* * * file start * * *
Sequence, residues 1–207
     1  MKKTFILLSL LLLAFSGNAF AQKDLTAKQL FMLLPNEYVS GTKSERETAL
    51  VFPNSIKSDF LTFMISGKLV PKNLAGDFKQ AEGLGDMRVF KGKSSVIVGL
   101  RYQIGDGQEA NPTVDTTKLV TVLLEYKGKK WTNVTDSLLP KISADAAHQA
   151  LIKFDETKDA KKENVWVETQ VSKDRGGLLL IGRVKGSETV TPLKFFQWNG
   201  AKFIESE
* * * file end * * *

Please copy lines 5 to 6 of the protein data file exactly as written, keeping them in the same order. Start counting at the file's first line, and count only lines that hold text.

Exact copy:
   151  LIKFDETKDA KKENVWVETQ VSKDRGGLLL IGRVKGSETV TPLKFFQWNG
   201  AKFIESE